Specifically, in FIG. 2C, the device 200C can be exposed to, e.g., an IR laser beam 270. When the IR laser beam 270 hits the phase-change material 206 of the release member 202, the phase-change material 206 can absorb this laser energy by design and induce a phase change between its different states to release each of the plurality of dies 250 from the device 200B (i.e., from the release support 204) to the subsequent surface 290. Similarly, in FIG. 3C, the device 300C can be exposed to, e.g., an IR laser beam 370. When the IR laser beam 370 hits the phase-change material 306 of the release member 302, the phase-change material 306 can absorb this laser energy by design and induce a phase change between its different states to release each of the plurality of dies 350 from the device 300B (i.e., from the release support 304) to the subsequent surface 390.
  • [0052]
    The subsequent surface 290 or 390 can include an adhesive substance (not shown) formed on a substrate of the subsequent surface. The adhesive substance can be known to one of ordinary skill in the art and can be sufficient to hold the released elements in place on the subsequent surface and can also be easily transported carrying the attached IC elements. The subsequent surface can be an intermediate substrate and/or a final chip substrate.
  • [0053]
    In various embodiments, prior to releasing, the subsequent surface 290 or 390 can be placed in contact with the die elements and be pressed against the die elements that reside on the release member (e.g., 202 in FIG. 2C or 302 in FIG. 3C) causing the elements to attach to the adhesively coated subsequent surface. When exposed to releasing energy, the phase change material (e.g., 206 or 306) can undergo a phase change to release the die elements and can be removed, leaving the dies 250 or 350 attached to the subsequent surface (e.g. 290 or 390). In various embodiments, a conductive metal coating having, for example, a plastic or dielectric overlay can be formed on the subsequent surface, the metal coating electrically connecting with the bump bonds 355.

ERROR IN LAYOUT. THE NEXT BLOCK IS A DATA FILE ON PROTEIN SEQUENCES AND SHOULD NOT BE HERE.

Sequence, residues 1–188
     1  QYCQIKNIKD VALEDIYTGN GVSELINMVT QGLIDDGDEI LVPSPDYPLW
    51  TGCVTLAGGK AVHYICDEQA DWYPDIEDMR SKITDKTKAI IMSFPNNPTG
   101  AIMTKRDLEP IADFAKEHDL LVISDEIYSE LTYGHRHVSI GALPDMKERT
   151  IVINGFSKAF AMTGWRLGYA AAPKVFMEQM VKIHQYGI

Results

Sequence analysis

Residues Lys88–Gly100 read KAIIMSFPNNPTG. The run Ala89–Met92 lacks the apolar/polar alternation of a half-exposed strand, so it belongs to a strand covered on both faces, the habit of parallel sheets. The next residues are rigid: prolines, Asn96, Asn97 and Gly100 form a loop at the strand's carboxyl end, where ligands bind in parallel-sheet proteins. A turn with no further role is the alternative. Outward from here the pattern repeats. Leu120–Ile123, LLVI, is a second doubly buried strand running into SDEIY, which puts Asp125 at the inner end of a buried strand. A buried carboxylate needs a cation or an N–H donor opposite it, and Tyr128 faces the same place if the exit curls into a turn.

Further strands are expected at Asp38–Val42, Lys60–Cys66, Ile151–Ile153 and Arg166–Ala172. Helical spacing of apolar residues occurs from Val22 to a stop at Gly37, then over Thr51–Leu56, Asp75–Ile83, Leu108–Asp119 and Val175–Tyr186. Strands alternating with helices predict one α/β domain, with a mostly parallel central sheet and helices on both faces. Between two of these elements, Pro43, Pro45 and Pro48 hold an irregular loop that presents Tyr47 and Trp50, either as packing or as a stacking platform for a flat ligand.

• [0054]
    In addition to that disclosed in connection with FIGS. 3A-3C, the exemplary embodiment 300D depicted in FIG. 3D, indicates that one or more released IC elements 350 can be transferred onto an exemplary antenna substrate 318 or otherwise metal coated substrate 318.
  • [0055]
    The released (i.e., detached) one or more dies 350, e.g., 350B and 350C shown in FIG. 3D, transferred onto the antenna substrate 318 can have an electrically conductive contact with a plurality of antennas 315 through a plurality of bump bonds 355 of each transferred die 350B or 350C.
  • [0056]